Handling Change in Your Life

Ashelty Kitsuda, Practicum Student on April 03, 2017

Everybody experiences change in their lives. Change can come in many forms but as part of our human nature, we normally do not like major changes and fear the unknown and uncertainties. I’ve struggled with accepting the fact that some things in life are beyond my control and instead of dreading over things that I cannot change and fear the unknown, I’ve learned to focus on the present and choose to cherish the moments that make up my life. This is a work in progress.

As a fourth year university student, finishing up the last term of undergrad, this year has been a rollercoaster ride for me. It began with a move back to Vancouver from Halifax after 3 and half years of being away from home and living with my best friends. I moved back to complete an internship as part of my studies. Moving back home was not exciting for me as this meant being away from those that I am closest with, my second family. This change was a struggle for me and started the day I left Halifax in December, I felt a great amount of sadness and it really took a toll on me.

Eventually, as time got closer to the first day of my internship, my anxiety sky-rocketed. The lead up to the first day of my internship was nerve racking as I didn’t know what to expect and feared I was not going to know what to do or was not intelligent enough to figure out the work I would be doing. I feared the unknown and that fear took over the excitement that I had towards the internship for a period of time. On top of that, I started to obsessively overthink about the future and started to stress over the things in my life that were beyond my control (e.g. would I be able to find a job after all of this?).

The good news: I was able to get through the fear I had towards the internship after the first week where I figured out that everything I was afraid of was not true and I was able to get my excitement back. I had to work at not giving into the negative thoughts that my brain was feeding me. As I started to feel better, I was also able to deal with other stressors by slowly accepting the change instead of wishing otherwise. It took time, time to heal all the sadness I was feeling from moving back to Vancouver. Everyone in Halifax was extremely supportive which helped immensely.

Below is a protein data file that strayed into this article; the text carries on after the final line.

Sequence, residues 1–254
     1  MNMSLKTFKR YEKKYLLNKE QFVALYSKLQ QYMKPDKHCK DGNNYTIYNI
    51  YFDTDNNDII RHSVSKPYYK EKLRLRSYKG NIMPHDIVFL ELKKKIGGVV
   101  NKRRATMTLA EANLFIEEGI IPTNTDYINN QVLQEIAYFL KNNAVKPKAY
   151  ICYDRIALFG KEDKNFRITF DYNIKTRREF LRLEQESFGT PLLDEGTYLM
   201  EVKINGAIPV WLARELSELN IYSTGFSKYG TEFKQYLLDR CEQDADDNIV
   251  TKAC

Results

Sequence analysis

I’ve learned to take it one day at a time and try to do less of worrying, overthinking, or fearing about future and things that are beyond my control. I’ve been practicing doing so. Whenever my mind wanders off to negative thoughts or starts to overthink, I quickly remind myself that my brain is feeding me unnecessarily thoughts. It takes time, work and patience to learn and practice that and it definitely is not something you can accomplish overnight but, with support, I am making progress.

I’ve also been trying to practice more mindfulness and take time to calm my mind every night before I go to sleep. It has helped me with positive thinking and calming my mind. I’ve been using an app called Headspace, which is a free meditation app that you can listen to. Each session is 10 minutes long and it’s a great way to finish off your day. If you would like to know more about Headspace, visit https://www.headspace.com/


wow! great piece, this felt very relatable. would love to read more articles you write

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BC Children's Hospital

This is an agency of Provincial Health Services Authority, providing provincial tertiary mental health services to the citizens of British Columbia. Programs include: Adult Tertiary Psychiatry, Geriatric Psychiatry, Forensic Psychiatric Services, Child & Adolescent Mental Health, Women’s Reproductive Mental Health, as well as the Provincial Specialized Eating Disorders Program for children and youth located at the BC Children’s Hospital.

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RBC Children’s Mental Health Project is RBC's cornerstone “health and wellness” pillar; RBC Children’s Mental Heath Project is a multi-year philanthropic commitment to support community-based and hospital programs that reduce stigma, provide early intervention and increase public awareness about children’s mental health issues.

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